Once again schools have hit the headlines involving breaches of the Equality Act 2010.
In recent months the complexities of the duties for schools and academies have been highlighted by media coverage regarding clothing, segregation, dismissals and now transgender.
This week in the news, the 16-year-old, who has been given the assumed name Aidan, was born female and attended Hereford Cathedral School in Herefordshire. He claims he was effectively excluded because the school refused to let him wear a boy's uniform. This was despite the support of his mother and the family's GP as he began his transition. When he told the school he did not want to be addressed as a girl or wear girl's clothing, he claims staff said it was a "phase" that he would grow out of. The legal action is currently ongoing through the courts.
Under the Equality Act 2010, it is unlawful for a school to treat pupils less favourably because of gender reassignment, and schools must factor in transsexualism when considering their obligations. To be protected by the Act, a pupil will not necessarily have to be undertaking a medical procedure to reassign their gender, but must be taking steps to, or proposing to do so.
Gender reassignment guidance for schools
The DfE has previously published guidance on the Equality Act and it specifically addresses gender reassignment (page 17, section 3.3 - 3.6):
- It is unlawful for schools to treat pupils less favourably because of their gender reassignment
- Schools must factor in gender reassignment when considering their obligations under the Equality Act
- To be protected by the Act, a pupil will not necessarily have to be undertaking a medical procedure to change their sex, but must be taking steps to live in the opposite gender, or proposing to do so
- Schools need to make sure that all gender variant pupils are not singled out for different and less favourable treatment from that given to other pupils.
Segregation in Faith schools
Another case recently in the High Court has been upheld that a faith school segregation of girls and boys when they reached a certain age, was not less favourable treatment as defined under the Equality Act and therefore no direct discrimination had occurred.
The voluntary aided faith school for boys and girls between 4 and 16 years old has an Islamic ethos and, specifically for religious reasons, believes the separation of boys and girls at a certain point in their development is mandated at age 9. In 2014, the school went into special measures and in 2016 a report on the school was issued by the HMCI.
The school challenged the 2016 report stating it was irrational and/or based on no evidence. They alleged the inspectors wrongly assumed that separation of pupils on the basis of sex meant or implied unequal treatment. The point being made was that the inspectors’ approach to the Equality Act 2010 was wrong in law because segregation, without more, is not discriminatory.
Non judgement on social and educational merits of segregation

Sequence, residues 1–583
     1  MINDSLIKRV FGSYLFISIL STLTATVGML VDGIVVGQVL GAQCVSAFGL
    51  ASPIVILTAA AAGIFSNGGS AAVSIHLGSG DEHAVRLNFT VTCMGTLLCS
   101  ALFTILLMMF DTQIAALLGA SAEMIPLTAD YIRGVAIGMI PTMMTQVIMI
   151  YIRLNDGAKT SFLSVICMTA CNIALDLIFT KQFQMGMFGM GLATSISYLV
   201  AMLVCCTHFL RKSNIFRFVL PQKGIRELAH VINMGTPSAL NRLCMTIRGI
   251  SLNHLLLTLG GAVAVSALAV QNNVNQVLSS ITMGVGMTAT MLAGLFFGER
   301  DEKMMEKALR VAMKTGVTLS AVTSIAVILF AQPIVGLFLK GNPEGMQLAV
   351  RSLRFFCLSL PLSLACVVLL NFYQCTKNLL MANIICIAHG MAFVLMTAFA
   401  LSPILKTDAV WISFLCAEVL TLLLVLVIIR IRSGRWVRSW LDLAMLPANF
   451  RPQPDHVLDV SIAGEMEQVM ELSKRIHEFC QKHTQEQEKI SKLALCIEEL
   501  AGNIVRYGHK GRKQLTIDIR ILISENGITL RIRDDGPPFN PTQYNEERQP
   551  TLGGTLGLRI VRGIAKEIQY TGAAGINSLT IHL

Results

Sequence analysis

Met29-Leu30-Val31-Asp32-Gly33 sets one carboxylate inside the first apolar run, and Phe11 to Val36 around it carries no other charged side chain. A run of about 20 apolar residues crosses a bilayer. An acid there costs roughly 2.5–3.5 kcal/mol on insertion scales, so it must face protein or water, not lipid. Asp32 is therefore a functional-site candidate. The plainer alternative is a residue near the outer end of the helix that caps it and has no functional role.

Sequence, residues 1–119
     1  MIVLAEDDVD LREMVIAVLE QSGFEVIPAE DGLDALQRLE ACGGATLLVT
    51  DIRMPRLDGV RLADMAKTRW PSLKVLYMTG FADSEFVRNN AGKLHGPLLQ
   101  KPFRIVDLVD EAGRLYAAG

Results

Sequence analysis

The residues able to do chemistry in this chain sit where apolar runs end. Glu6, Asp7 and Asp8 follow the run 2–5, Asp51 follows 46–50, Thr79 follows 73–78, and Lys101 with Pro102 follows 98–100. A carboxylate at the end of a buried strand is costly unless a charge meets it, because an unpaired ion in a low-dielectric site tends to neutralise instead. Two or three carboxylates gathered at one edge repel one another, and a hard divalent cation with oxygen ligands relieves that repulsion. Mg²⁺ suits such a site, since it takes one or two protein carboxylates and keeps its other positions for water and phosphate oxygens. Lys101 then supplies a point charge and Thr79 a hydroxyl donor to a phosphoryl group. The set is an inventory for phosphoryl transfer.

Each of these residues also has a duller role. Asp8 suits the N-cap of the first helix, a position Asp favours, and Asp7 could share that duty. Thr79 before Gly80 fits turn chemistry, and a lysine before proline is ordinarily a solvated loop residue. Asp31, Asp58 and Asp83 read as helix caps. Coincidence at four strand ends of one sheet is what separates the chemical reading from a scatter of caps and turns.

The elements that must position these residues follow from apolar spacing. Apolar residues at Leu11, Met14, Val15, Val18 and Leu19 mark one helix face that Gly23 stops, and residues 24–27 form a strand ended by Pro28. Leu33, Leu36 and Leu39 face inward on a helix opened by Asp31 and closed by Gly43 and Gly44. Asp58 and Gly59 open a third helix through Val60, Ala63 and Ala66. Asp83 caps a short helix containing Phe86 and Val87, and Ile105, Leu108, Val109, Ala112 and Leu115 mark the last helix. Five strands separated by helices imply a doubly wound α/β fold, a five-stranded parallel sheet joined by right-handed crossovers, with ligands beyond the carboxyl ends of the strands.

This case raises a point of general public importance as to the true construction and application of key provisions in the 2010 Equality Act. The judge observed that it was a point which had not arisen before, and so should be answered on “a first principles basis, applying standard interpretative tools to the language, policy and objects of the statute.”
Given there was no distinction between the opportunities afforded to girls and boys, it could not be said there was less favourable treatment to one sex. However it must be remembered that this was not a judgment on the social and educational merits of sex segregation in schools.
Uniform and the Equality Act
St Clare’s Catholic School in Handsworth has prompted a uniform row by banning a four-year-old Muslim girl from wearing a headscarf at school, when they asked the girl’s parents to respect their strict uniform policy, which includes no headwear or scarfs.
Birmingham City Council's Labour cabinet member for equalities, said that he had met with the headteacher and told her the ban on the scarf was against the Equality Act. Although the government does not prescribe to what extent religious attire is allowed to be worn by pupils, rather, it is each school’s decision to set their own uniform policies.
The full face veil known as the niqab has been at the centre of previous uniform rows, but it is rare for schools to ban the head scarf, known as a hijab. Ofsted has announced that if inspectors judge that wearing the veil, by students or pupils, is a "barrier to learning", it will mark down institutions where they believe the veil hinders "positive social interaction".
Overall the Equality Act impacts on many areas of school life and all its stakeholders. The duties for schools and academies are complex and need careful handling above and beyond adopting the right policies.
If you wish to know more on your obligations under this legislation, One Education are holding training on ‘Schools’ Equality Duties’ on 22 March. For further information on HR support, please contact Rachel Foster on 0844 967 1111.